Grazing occultations
These can be observed by individuals and groups near the graze regions when conditions allow. The BAA Handbook contains predictions.   In highly populated areas, observers based at home can produce interesting and useful results.  A new Graze Occultation software tool GRAZPREP-4 is being developed by Dr. E. Riedel (IOTA-ES) for mobile graze observers. This predicts where an observer should be positioned to maximise the number of graze contacts. The comparison of observed vs calculated graze timing adds a new dimension for the graze observer. For additional information, please see the links below :

Grazing Occultations of Stars by the Moon

Observing Technique – Needed Equipment

The GRAZPREP user interface for Aldebaran on 2017 Aug 16 at W  4 00 00, N 58 12 53.  Twelve contacts are predicted.


Stop-watch Timing
A digital stopwatch with lap mode is ideal for recording time intervals by the classic method. The observer starts the watch at the instant of occultation (ignoring reaction time for a moment). When the time signal is available, stop the watch in lap mode and record the UT and elapsed watch time . Now take the watch out of lap mode, and stop the watch for a second time on a time signal. Note the times again. If this is repeated an average interval can be obtained, thus minimising the error when stopping the watch at the correct moment.  Reaction time (PE) is an uncertainty, and can only be an estimate. For disappearances at the dark limb the coordinator used PE = 0.3sec +/- 0.1s  and an event time rounded to the nearest 0.05s.  Thus the reported time = Time Signal – mean watch interval – 0.3s  ( +/- 0.1 sec)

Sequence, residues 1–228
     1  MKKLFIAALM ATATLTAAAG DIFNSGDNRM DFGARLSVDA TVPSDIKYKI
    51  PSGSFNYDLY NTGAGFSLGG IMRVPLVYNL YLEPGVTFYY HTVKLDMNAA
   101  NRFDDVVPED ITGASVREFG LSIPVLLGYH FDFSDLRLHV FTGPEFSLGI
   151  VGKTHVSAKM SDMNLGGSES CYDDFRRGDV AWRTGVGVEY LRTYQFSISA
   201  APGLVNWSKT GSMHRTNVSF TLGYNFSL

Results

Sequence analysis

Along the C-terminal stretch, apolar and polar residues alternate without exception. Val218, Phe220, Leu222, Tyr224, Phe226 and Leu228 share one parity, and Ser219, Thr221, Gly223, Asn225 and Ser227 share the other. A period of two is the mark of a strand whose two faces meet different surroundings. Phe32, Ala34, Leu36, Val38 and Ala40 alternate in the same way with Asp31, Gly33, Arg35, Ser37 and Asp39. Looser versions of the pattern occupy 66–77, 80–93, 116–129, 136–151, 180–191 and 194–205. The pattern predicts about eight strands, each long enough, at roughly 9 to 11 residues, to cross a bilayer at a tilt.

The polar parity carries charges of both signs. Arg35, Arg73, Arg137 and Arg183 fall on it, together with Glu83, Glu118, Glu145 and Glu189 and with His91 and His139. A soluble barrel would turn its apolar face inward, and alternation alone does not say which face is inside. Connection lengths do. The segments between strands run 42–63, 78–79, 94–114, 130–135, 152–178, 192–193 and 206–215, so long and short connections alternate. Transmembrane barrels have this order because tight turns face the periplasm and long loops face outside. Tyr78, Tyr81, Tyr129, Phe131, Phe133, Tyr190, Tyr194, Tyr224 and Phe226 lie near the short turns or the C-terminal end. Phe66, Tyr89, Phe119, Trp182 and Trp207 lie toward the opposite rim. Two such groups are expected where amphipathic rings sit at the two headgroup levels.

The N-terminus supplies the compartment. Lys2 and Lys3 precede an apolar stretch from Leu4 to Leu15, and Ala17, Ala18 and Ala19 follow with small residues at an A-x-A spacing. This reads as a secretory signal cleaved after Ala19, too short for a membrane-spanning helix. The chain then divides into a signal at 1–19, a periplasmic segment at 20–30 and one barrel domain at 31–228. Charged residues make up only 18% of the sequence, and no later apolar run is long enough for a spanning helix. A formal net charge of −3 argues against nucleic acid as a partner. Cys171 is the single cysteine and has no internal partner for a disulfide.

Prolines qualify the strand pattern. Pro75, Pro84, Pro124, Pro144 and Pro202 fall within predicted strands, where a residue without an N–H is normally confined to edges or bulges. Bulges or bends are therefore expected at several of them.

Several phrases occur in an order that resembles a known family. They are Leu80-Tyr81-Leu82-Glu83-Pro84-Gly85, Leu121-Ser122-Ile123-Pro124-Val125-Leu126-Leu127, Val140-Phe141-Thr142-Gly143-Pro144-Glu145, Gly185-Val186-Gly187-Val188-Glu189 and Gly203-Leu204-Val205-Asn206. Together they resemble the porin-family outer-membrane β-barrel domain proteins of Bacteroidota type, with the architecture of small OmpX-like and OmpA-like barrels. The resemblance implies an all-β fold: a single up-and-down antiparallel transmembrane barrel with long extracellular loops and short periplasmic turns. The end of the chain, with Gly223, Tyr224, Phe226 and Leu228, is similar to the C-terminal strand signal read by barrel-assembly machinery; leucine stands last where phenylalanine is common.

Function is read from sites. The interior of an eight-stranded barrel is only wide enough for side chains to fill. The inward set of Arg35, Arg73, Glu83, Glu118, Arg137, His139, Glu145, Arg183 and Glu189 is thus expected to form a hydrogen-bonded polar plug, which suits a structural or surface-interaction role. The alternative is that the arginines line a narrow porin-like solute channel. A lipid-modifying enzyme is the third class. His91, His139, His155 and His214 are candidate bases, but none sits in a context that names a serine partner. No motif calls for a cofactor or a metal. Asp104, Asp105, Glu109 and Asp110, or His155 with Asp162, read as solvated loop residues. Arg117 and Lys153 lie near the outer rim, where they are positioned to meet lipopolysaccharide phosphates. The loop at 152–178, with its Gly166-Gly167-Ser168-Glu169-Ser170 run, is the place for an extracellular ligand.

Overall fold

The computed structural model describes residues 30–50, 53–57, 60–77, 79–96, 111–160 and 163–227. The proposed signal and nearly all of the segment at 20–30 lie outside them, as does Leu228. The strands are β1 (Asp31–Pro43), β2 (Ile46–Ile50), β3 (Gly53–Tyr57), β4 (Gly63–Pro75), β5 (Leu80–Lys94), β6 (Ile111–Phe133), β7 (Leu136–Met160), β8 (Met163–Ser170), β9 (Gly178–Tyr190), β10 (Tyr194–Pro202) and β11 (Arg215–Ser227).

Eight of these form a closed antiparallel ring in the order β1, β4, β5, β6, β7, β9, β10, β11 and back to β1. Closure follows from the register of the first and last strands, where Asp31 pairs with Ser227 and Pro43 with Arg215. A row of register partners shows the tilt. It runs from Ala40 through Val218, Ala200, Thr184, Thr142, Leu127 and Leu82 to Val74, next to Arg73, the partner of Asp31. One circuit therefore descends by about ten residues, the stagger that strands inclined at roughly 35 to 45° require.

Video Timing
Since about 1990 low light video (25 or 30 fps) has been available to record total occultations,  double stars and graze phenomena.  More important though is the improvement in timing accuracy that can be achieved using GPS time insertion on the video frame. The IOTA-VTI has been designed by occultation observers for occultation observers. A good alternatively is the GPSBOXSPRITE3-U supplied by Blackboxcamera in London.

LOLA High resolution lunar limb profile
After reporting results, the observer receives a list of the submitted times and a value of (O-C). This is a measure of the difference between the observed time (O) and the calculated (C) time. The O-C value for good observation data usually fall within the range -0.10″ to +0.10″ arc. Occasionally the O-C can be a little larger (within the range -0.20″ to +0.20″).

Reporting timings
A standard report is used ( as Excel or a data file from Occult4). It records the same information as the old paper forms with a few additional fields.

BAA Journal
The subsection writes occasional reports for the JBAA highlighting successful observations. See links below, for a couple of examples:

“A Successful Lunar Graze..”

“Thirteen Contacts observed..”

Any telescope can be used.  Please indicate which parts(s) of the program you would to like to participate in and Contact the Director:  

Your message will be forwarded to the occultation coordinator who is pleased to advise on observing and reporting.   Customised predictions for your location are also available upon request.  Please ask, giving your Long. and Lat. Obtained from Google Earth.

Tim Haymes
May  2017        

Appendix A   Introduction to the VizieR Astronomical Data Centre  catalogue VI/132A.

Appendix B   Example of a double star “step” occultation recorded with video converted to AVI for analysis.